[00:14:11] KF: We have done some research. It is a long and tedious process to get integrated with insurance to actually have a discount on your insurance by implementing these things, but it is something that we’re looking into.

[00:14:22] KR: Got you. Okay, I mean, it’s not an uncommon situation where you have a leak under the sink that the tenant doesn’t tell you about for a month. At that point, it’s become a serious problem, right?

[00:14:35] KF: You’re talking mold remediation. You may have to break drywall and there’s a lot to it.

[00:14:40] KR: Just to be specific for folks, so you guys have – It’s a sensor that would sit under the sink and as it gets wet, it’s sending out a signal?

[00:14:49] KF: Yeah. We operate on real-time alerts. These sensors, they can be placed behind toilets, under the sinks in the bathroom, under the kitchen sink in the laundry room, anywhere where there’s prone to be a water leak. You can even put them in piping structures and whatnot. Yeah, so as soon as those little sensors, there’s two little prongs that sit just millimeters above the floor, or wherever you’re going to put it. As soon as it detects water, both the tenant and the property manager gets an alert that there’s moisture. On the property management side, it’ll let them know what unit it’s in, what time it happened. They can either call the tenant right away. The tenant can call the PM, whatever that looks like and they can go take a look at what that water leak actually looks like and fix it if it needs to be fixed.

[00:15:34] KR: Yeah. No, really good. Really good. I think that that’s a great application as far as being able to just maintain expenses on the property and remediate some of those big, unforeseen hits that will kill your investment.

[00:15:50] KF: Well, to give you an example, one of our clients is a top developer in the US. Over the last three years, they spent about 1.5 million on water damages alone. When we started talking to them about water leaks and water leak detectors and implementing those, it was a no-brainer. Obviously, not every property is going to experience that, but even the smallest water leak, if it puts you about $10,000, that can still be a big hit.

[00:16:17] KR: Sure. Yeah, you have a water heater go out and that could be a big expense. Yeah, very cool. I appreciate the overview. I mean, it sounds like there there’s all types of applications of this technology. The space is really exploding. Talk to me about Arize, specifically. What are you guys working on within this space? Tell us about your products? What’s your value prop that you can share?

[00:16:43] KF: We have two avenues. One of them is on the property management side. We have a property management app that allows PMs to view every property that they manage, view all the devices that they have connected and then they get real-time notifications of anything that’s going on within a property. That is to increase operational efficiencies and also, increase NOI for their properties. Any rent that they’re collecting, if you have a rent increase on that, obviously, they’re netting more operating income.

On the investment side, it’s just all about increasing property value. Depending on what your game plan is, if you plan to add these smart home devices into your renovation plans and you want to hold for three to five, seven years, or whatever, you can expect that net property value increase. When you go to sell it, you’re in a much better position.

We have the smart water leak detectors like we talked about. We have the smoke detectors, the smart locks and entry and motion sensors. That’s our bread and butter. We found that’s the best bang for the buck as well. From the investment side, you’re going to have that low capex and be able to really, really see some big returns.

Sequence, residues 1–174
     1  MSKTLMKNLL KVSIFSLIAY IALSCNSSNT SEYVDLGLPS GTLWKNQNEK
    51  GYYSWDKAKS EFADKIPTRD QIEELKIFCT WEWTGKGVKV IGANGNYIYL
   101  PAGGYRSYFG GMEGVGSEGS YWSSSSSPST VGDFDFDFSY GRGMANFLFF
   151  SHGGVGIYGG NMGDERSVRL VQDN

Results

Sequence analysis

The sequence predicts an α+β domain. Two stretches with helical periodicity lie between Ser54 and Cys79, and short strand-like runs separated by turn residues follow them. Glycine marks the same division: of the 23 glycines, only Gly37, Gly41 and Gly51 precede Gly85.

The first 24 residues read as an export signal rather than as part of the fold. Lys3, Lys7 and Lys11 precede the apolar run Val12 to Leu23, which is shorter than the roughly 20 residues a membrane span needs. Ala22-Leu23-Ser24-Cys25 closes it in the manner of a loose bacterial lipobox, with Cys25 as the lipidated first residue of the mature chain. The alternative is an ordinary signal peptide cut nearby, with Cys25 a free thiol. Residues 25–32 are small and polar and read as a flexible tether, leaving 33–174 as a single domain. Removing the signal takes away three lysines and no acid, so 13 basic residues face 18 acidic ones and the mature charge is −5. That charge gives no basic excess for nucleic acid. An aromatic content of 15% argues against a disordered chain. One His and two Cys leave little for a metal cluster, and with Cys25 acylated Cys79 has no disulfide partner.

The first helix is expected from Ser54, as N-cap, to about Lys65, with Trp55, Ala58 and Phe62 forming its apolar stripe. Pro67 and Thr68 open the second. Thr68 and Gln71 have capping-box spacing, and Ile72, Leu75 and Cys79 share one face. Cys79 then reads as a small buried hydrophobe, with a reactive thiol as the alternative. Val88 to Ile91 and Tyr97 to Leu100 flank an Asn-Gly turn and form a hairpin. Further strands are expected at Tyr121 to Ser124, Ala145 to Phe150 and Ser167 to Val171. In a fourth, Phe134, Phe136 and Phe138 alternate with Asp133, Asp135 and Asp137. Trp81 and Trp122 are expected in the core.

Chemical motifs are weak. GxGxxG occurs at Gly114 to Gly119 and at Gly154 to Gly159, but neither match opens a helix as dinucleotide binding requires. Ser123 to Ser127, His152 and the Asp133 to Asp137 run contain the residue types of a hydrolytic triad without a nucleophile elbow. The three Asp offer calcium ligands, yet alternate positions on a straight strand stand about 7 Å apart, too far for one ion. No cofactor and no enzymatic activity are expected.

[00:17:56] KR: Interesting. Yeah. I think the ROI is really important to understand, because this is something that most likely, you’re going to raise additional capital for. It’s going to be additional capital expense and there’s got to be return there, but sounds like those numbers are very compelling. Something that we’ve looked at even going a step further is actually, how do you finance this hardware? We’ve looked at it with partners doing a capital lease for the hardware, to not actually have to raise it up front, which it sends your returns through the roof. It’s become a pillar for some of the deals that we’re doing to increase the ROI above anywhere you’d be able to get without implementing technology like this and having a financing structure and partner like that. I think that’s something that’s really interesting to look into as well, is how do you start to finance some of these other capital items as an investor to just continue to improve your return? 

Question for you about the future. We know where we are now. We’re focused on getting these smart things into the apartments, but where does property tech – where do we go from here and what’s the next wave and what should people be looking out for? Or how does it all come together maybe?

[00:19:14] KF: I think, interconnectivity. I think, eventually, more and more people are finding that convenience within their home is becoming a bigger thing as everyone’s staying at home more. I think, just being able to control anything from your smartphone, or from a tablet, no matter if it’s turning your TV on by asking Alexa or whatnot, I think looking to the future, I’d say, we’re going to see lighting control will be something that’s implemented everywhere. Automated thermostats, I think that’ll be something.

I mean, there’s a bit of a learning curve, but once you get into it and once you’re exposed to it, you’ll start to realize like, “Oh, okay. I want my temperature at this time in the morning, but this time in the afternoon and so on.” Then I think, access control is going to be a big thing. It’s a big deal right now. I mean, even just being able to have people come over, shoot them an access code for one-time use. They can enter without you having to go out and open a gate or something for them is a big thing.